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1. Overview

String formatting and generating text output often comes up during programming. In many cases, there is a need to add a new line to a string to format the output.

Let’s discuss how to use newline characters.

Further reading:

Checking for Empty or Blank Strings in Java

Check out some simple ways in Java to test if a string is blank or empty.

Check If a String Contains a Substring

Explore various ways to search for a substring in a String with performance benchmarks

2. Adding Newline Characters in a String

Operating systems have special characters denoting the start of a new line. For example, in Linux a new line is denoted by “\n”, also called a Line Feed. In Windows, a new line is denoted using “\r\n”, sometimes called a Carriage Return and Line Feed, or CRLF.

Adding a new line in Java is as simple as including “\n” , “\r”, or “\r\n” at the end of our string.

2.1. Using CRLF Line-Breaks

For this example, we want to create a paragraph using two lines of text. Specifically, we want line2 to appear in a new line after line1.

For a Unix/Linux/New Mac-based OS we can use “\n”:

String line1 = "Humpty Dumpty sat on a wall.";
String line2 = "Humpty Dumpty had a great fall.";
String rhyme = line1 + "\n" + line2;

If we are on a Windows-based OS, we can use “\r\n”:

rhyme = line1 + "\r\n" + line2;

For an old Mac-based OS, we can use “\r”:

rhyme = line1 + "\r" + line2;

We’ve demonstrated three methods of adding a new line, but unfortunately, they’re platform dependent.

2.2. Using Platform Independent Line Separators

We can use system defined constants when we want our code to be platform independent.

For example, using System.lineSeparator() for giving a line separator:

rhyme = line1 + System.lineSeparator() + line2;

Or we could also use System.getProperty(“line.separator”):

rhyme = line1 + System.getProperty("line.separator") + line2;

2.3. Using Platform Independent Newline Characters

Although line separators provide platform independence, they force us to concatenate our strings.

If we are using something like System.out.printf or String.format, then the platform independent newline character, %n, can be used directly within a string:

rhyme = "Humpty Dumpty sat on a wall.%nHumpty Dumpty had a great fall.";

This is the same as including System.lineSeparator() within our string, but we don’t need to divide the string into multiple parts.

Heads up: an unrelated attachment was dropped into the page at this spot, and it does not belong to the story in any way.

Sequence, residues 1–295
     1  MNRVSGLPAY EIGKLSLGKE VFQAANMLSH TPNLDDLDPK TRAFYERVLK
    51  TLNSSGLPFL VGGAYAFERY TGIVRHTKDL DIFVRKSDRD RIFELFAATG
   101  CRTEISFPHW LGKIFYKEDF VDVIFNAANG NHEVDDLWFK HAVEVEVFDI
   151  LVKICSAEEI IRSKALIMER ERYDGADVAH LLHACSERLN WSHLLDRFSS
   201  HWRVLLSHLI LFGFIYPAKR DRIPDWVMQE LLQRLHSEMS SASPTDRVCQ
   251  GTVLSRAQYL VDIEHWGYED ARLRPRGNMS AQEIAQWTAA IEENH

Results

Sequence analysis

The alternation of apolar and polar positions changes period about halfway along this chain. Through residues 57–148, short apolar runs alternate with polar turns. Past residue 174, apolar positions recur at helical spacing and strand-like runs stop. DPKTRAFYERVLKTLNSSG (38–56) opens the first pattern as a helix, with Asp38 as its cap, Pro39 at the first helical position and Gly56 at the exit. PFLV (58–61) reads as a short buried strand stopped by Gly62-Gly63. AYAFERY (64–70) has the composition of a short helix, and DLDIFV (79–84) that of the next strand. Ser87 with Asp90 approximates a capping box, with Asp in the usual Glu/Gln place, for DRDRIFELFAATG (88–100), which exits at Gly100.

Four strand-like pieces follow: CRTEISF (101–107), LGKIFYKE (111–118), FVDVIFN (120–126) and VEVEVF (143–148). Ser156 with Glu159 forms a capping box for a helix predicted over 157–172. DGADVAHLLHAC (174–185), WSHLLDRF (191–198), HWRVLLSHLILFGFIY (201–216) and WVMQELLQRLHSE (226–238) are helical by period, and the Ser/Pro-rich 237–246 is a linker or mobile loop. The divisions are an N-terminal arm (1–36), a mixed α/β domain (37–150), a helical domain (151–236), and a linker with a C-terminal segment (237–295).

3. Adding Newline Characters in an HTML Page

Suppose we are creating a string that is part of an HTML page. In that case, we can add an HTML break tag <br>.

We can also use Unicode characters “& #13;” (Carriage Return) and “& #10;” (Line Feed). Although these characters work, they don’t work exactly like we might expect them to across all platforms. Instead, it is better to use <br> for line breaks.

Additionally, we can use “\n” in some HTML elements to break a line.

Overall, these are the three methods of breaking a line in HTML. We can decide which one to use depending on the HTML tag we are using.

3.1. HTML Break Tag

We can use HTML break tag <br> to break a line:

rhyme = line1 + "<br>" + line2;

The <br> tag for breaking a line works in almost all HTML elements like <body>, <p>, <pre>, etc. However, note that it does not work in the <textarea> tag.

3.2. Newline Character

We can use ‘\n’ to break a line if text is enclosed in <pre> or <textarea> tag:

rhyme = line1 + "\n" + line2;

3.3. Unicode Characters

Finally, we can use Unicode characters “& #13;” (Carriage Return) and “& #10;” (Line Feed) to break a line. For example, in the <textarea> tag we can use either of these:

rhyme = line1 + "
" + line2;
rhyme = line1 + "
" + line2;

For the <pre> tag, both of the lines below will work:

rhyme = line1 + "
" + line2;
rhyme = line1 + "

" + line2;

4. The Difference Between \n and \r

\r and \n are characters denoted with ASCII values of 13 (CR) and 10 (LF), respectively. They both represent a break between two lines, but operating systems use them differently. 

On Windows, a sequence of two characters is used to start a new line, CR immediately followed by LF. Conversely, on Unix-like systems, only LF is used.

When writing Java applications, we must pay attention to the line break characters we use because the applications will behave differently depending on the operating system they will run on.

The safest and most cross-compatible option is to use System.lineSeparator(). This way, we won’t have to take the operating system into account.

5. Conclusion

In this article, we discussed how to add newline characters to a string in Java.

We also saw how to write platform independent code for a new line using System.lineSeparator() and System.getProperty(“line.separator”).

Finally, we wrapped up with how to add a new line in case we are generating an HTML page.

The full implementation of this article can be found over on GitHub.

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